Don't Make It About Yourself
When your child comes out, don't make it about yourself or about what the community will say-that's selfish and love isn't selfish. If you have a problem with gay people, you are telling your child you have a problem with them and their existence. Find a way to accept and love your child without placing your misguided bigotry on them in the name of religion. You will hurt them and lose them if you do.
Give Yourself Time To Come in Terms With This
You were probably not expecting your child to be gay. You assumed they would grow up, love the opposite gender, perhaps get married, have a family and live a heteronormative lifestyle. Of course, they may still experience some of these life events, but they will do so in a different picture now. For your child to have the courage to come out to you, they have trusted you with these life decisions; don't take that for granted. Instead use that opportunity to understand them and their future, even if it's difficult.
Protect Your Child From the Opinions of Others
If your child is gay, you can't change that and neither can the neighbors. People may talk about your business but ignore it. Shield your child from harmful phrases often used in the church like, "Love the sinner, hate the sin," "God created Adam and Eve, not Adam and Steve," "The Bible says homosexuality is a sin," or "You are choosing this lifestyle." Not only is queerness not a sin, but many interpretations of the Bible indicate that homosexuality was never mentioned in the Bible until 1946.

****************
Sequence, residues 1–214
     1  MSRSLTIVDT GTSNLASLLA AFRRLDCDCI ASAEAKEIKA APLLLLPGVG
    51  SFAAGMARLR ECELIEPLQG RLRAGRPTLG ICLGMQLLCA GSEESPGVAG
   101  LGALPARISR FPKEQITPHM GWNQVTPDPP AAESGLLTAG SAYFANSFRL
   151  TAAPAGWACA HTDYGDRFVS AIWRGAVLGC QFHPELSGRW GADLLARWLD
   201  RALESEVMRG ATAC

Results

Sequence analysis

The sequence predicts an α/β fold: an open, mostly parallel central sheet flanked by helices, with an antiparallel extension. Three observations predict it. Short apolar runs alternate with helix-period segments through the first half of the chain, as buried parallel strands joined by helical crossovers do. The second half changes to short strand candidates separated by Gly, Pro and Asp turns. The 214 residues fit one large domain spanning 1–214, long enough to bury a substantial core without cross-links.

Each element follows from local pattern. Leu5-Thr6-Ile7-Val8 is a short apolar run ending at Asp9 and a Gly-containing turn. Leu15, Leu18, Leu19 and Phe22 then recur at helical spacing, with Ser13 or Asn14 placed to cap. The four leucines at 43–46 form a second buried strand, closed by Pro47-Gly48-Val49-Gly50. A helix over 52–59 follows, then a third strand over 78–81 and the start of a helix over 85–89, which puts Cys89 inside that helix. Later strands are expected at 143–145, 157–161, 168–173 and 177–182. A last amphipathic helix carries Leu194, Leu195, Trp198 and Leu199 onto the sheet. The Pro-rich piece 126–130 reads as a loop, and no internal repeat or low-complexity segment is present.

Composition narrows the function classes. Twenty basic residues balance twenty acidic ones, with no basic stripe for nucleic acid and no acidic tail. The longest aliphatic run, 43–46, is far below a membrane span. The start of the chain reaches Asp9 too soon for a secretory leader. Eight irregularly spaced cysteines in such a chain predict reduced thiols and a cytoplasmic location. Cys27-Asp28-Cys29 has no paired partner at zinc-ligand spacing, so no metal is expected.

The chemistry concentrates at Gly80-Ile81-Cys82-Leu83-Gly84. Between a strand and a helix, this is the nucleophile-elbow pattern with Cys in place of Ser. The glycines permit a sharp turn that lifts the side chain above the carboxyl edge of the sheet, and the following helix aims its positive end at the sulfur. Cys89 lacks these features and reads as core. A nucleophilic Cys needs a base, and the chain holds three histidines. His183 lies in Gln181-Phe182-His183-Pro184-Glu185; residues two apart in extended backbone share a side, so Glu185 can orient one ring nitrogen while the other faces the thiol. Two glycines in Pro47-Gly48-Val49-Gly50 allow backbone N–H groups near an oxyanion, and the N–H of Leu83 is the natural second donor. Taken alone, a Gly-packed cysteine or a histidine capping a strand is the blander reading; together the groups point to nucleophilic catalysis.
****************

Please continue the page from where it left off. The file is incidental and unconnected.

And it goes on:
Let your child know your affirming words are the only thing they should care about. Remind them that you have their back. And don't be a parent who cares about family name or reputation over your child's needs.
"LGBTQ+ teens have mental health problems, including suicide risk, at significantly higher rates than other teens. Sexual or gender identity is not the reason for higher risk, it is rejection by their families and communities," explains Emily Edlynn, Ph.D, a clinical psychologist who specializes in working with children and adolescents. "Parental rejection, even subtle, has been linked to higher rates of suicide attempts in LGBTQ+ youth. Family acceptance, on the other hand, can help buffer the negative mental health effects of social and cultural experiences of rejection, including bullying from peers and adults. When parents speak up against harmful statements from others, they show their teen that they will do their part to support, accept, and protect them."
Be Open To Learning More
There is nothing as satisfying as learning something new or contributing to a conversation in curious ways. It's okay as a religious parent to read and ask questions. It's also okay to visit a therapist to help out with advice on raising your gay child. Try to understand your child by learning about them in unbiased ways. This includes having a better understanding of the people they date and the need to have LGBTQ+ inclusive conversations around sexual health and consensual relationships. Puritanical thinking won't work here.